Cre­at­ing a re­spect­ful work­place

Lo­cal elec­tri­cian un­der­stands sex­ual ha­rass­ment’s sting



Imag­ine for a mo­ment you’re a 30-some­thing fe­male.

It’s your first day at a new job as a con­struc­tion worker. You drive to the lo­ca­tion and climb out to meet your new col­leagues.

You no­tice you’re the only fe­male on pay­roll. But that doesn’t bother you. You have the skills, you have the train­ing and you’re there to do a job.

As you walk across the park­ing lot to greet your new col­leagues, you hear whis­tles and cat­call­ing.

“Hey baby, need a hand with your tool­box,” they might say.

Al­though the above sce­nario is fic­tion, Joann Gree­ley says it’s not un­com­mon for women to hear th­ese sorts of com­ments in male­dom­i­nated pro­fes­sions. Gree­ley is a jour­neyed elec­tri­cian from Green’s Har­bour.

Sex­ual ha­rass­ment

Sex­ual ha­rass­ment is de­fined as un­wanted sex­ual be­hav­iour. Gree­ley felt it was nec­es­sary to share her ex­pe­ri­ence with sex­ual ha­rass­ment in light of the na­tional head­lines made by the Spa­niard’s Bay Vol­un­teer Fire Depart­ment.

When she first started out in the con­struc­tion in­dus­try over a decade ago, there were many com­ments.

But each day she pushed through.

“(It gets) to the point where you don’t want to go to work be­cause your su­per­vi­sor is ha­rass­ing you,” Gree­ley told The Com­pass. “But you need the job be­cause you’re try­ing to get your hours as an ap­pren­tice.”

One su­per­vi­sor in par­tic­u­lar, who was 10 years her ju­nior, was re­ally hard on her.

She said he was al­ways on her back, ask­ing why some­thing wasn’t fin­ished in an un­rea­son­able amount of time.

But the worst was deal­ing with the ver­bal abuse she ex­pe­ri­enced, es­pe­cially one Fri­day af­ter­noon while get­ting ready to leave for the week­end.

“My su­per­vi­sor told me the rea­son I’m such a bitch is be­cause I wasn’t get­ting laid,” Gree­ley said can­didly. “And if I gave him my num­ber, he’d have his buddy come over and take care of me.”

She was gob­s­macked. Al­though it wasn’t the first un­wel­come com­ment he made to her, it ul­ti­mately stood out.

Sex­ual ha­rass­ment is not crim­i­nal in Canada, rather it’s a hu­man rights vi­o­la­tion.

Cana­dian Labour Re­la­tions web­site re­ports that 10 per cent of Cana­dian work­ers ages 19 to 24 re­ported be­ing vic­tims of sex­ual ha­rass­ment in the work­place within the year prior to the sur­vey. Over 90 per cent said they had ex­pe­ri­enced it in their life­time.

Com­bat­ing the neg­a­tives

Gree­ley is a mem­ber of Build To­gether, an or­ga­ni­za­tion for women in con­struc­tion-re­lated skilled trades. She is also the owner of her own elec­tri­cian busi­ness.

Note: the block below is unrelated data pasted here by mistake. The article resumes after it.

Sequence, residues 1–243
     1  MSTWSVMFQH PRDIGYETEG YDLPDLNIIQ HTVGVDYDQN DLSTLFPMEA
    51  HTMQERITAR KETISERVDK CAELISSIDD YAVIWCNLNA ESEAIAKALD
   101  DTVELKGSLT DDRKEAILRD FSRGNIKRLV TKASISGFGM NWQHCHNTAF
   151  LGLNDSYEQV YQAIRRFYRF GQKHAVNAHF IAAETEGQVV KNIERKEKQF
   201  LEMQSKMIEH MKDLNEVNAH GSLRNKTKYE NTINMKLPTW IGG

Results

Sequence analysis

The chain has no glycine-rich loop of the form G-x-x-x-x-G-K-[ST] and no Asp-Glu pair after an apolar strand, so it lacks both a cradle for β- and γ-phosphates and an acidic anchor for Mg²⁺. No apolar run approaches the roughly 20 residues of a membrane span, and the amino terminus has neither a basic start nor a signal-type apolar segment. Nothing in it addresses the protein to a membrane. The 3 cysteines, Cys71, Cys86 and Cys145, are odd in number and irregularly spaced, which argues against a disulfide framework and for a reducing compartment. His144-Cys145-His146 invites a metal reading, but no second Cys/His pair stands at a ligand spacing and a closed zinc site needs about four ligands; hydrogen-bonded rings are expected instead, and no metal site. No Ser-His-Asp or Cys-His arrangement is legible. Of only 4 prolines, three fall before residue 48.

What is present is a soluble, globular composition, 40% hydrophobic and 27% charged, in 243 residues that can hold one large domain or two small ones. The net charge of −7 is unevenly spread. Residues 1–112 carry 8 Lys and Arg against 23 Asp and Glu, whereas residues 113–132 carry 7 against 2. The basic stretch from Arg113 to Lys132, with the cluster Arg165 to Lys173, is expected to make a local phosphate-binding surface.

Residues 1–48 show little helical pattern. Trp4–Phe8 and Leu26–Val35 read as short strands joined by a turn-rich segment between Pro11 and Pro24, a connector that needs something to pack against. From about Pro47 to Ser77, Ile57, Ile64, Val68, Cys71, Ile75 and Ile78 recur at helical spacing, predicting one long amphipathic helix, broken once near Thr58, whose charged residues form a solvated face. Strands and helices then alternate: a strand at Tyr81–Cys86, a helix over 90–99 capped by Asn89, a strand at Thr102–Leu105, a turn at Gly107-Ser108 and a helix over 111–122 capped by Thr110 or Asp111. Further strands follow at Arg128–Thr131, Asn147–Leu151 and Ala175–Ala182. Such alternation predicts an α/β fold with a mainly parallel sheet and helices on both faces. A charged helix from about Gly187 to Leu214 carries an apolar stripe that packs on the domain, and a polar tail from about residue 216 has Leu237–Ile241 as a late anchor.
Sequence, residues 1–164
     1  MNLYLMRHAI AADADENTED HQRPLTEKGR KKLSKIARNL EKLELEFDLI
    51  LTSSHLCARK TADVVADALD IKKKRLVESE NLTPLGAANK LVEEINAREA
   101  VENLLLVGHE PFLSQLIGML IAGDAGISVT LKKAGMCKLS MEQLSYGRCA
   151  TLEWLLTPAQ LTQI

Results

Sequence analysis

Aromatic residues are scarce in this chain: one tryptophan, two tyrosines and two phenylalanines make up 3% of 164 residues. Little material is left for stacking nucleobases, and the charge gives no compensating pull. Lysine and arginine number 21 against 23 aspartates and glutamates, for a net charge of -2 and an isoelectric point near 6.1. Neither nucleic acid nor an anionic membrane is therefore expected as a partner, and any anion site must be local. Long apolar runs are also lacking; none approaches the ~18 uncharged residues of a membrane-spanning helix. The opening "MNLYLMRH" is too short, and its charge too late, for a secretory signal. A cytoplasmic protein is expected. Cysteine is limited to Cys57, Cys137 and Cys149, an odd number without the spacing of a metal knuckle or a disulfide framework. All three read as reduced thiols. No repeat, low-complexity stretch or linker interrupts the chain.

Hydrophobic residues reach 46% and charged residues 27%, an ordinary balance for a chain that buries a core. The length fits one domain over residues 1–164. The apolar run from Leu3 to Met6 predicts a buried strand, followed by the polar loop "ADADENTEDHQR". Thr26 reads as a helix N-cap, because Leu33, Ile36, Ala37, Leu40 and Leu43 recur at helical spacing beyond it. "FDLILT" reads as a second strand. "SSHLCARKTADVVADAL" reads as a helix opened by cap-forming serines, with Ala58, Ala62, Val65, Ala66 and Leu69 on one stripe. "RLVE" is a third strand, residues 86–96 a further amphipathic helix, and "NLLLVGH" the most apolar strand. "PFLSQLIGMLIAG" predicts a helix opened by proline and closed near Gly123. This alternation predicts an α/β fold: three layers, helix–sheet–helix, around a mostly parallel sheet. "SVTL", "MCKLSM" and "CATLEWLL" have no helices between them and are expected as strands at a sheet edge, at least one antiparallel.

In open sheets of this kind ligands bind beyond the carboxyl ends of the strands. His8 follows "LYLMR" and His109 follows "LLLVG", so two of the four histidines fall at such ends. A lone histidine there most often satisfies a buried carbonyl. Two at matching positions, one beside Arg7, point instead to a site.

Part of what Build To­gether works to ac­com­plish is the pro- mo­tion of re­spect­ful work­places.

The or­ga­ni­za­tion’s web­site —­to­ — has a sec­tion just for re­spect­ful work­places. And it doesn’t just re­late to fe­males.

One of the things the or­ga­ni­za­tion dis­cusses is large projects and what types of ha­rass­ment sit­u­a­tions are be­ing re­ported, and if there is rep­e­ti­tion in the types of in­ci­dents that take place at th­ese lo­ca­tions.

“It’s in­ter­est­ing to see one of the things that keeps com­ing up is education,” Gree­ley said. “It’s hav­ing shop stew­ards trained, it’s hav­ing other peo­ple know what it is and be will­ing to stand up and say, ‘Not on my watch.’”

In her own ex­pe­ri­ence, there weren’t many in­stances where she didn’t stand up for her­self. But she knows not ev­ery­one would be able to do that.

“It’s about the young girl that’s be­hind me that doesn’t have as much con­fi­dence as I do,” she said. “She gives up on her dream be­cause she be­lieves she can’t han­dle (the ha­rass­ment and abuse).”

Make it stop

It’s un­likely work­place sex­ual ha­rass­ment will be elim­i­nated overnight. But Gree­ley be­lieves if work­ers stick to­gether, it can get bet­ter and eas­ier for oth­ers.

“You have three or four peo­ple who have poor be­hav­iour, they make it bad for the rest of the pop­u­la­tion,” she said. “A lot of men find this be­hav­iour un­ac­cept­able. But for some rea­son they don’t have the voice to stand up.”

The strug­gles are still real for women in the con­struc­tion in­dus­try and male-dom­i­nated pro­fes­sions. And Gree­ley wants peo­ple to be aware that it is not OK.

“(I have had male col­leagues try and) fig­ure out if they can get you in bed or they can date you,” she said. “When you let them know you’re not in­ter­ested, then they have to see if they can make you cry.”

There are many in­ci­dents that Gree­ley has wit­nessed, but she knows there are also many peo­ple that don’t tol­er­ate that kind of hos­tile en­vi­ron­ment.

“This is not ev­ery job site. This is not ev­ery com­pany … We just have to re­mem­ber, the more we talk about it, the bet­ter it’s go­ing to get for peo­ple that are out on th­ese jobs.”


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